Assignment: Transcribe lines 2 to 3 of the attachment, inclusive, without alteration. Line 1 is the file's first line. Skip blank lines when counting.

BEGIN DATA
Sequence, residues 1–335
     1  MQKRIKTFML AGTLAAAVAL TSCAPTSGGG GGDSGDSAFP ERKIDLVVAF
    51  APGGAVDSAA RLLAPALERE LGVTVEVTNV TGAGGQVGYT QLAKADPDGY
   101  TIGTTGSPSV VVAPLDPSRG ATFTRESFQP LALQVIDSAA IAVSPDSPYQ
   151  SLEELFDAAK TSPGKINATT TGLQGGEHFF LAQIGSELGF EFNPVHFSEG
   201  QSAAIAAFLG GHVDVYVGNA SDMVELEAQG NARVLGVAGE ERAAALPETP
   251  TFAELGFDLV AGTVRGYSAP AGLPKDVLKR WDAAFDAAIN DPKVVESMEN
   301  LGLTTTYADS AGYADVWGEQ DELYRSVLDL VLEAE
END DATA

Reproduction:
     1  MQKRIKTFML AGTLAAAVAL TSCAPTSGGG GGDSGDSAFP ERKIDLVVAF
    51  APGGAVDSAA RLLAPALERE LGVTVEVTNV TGAGGQVGYT QLAKADPDGY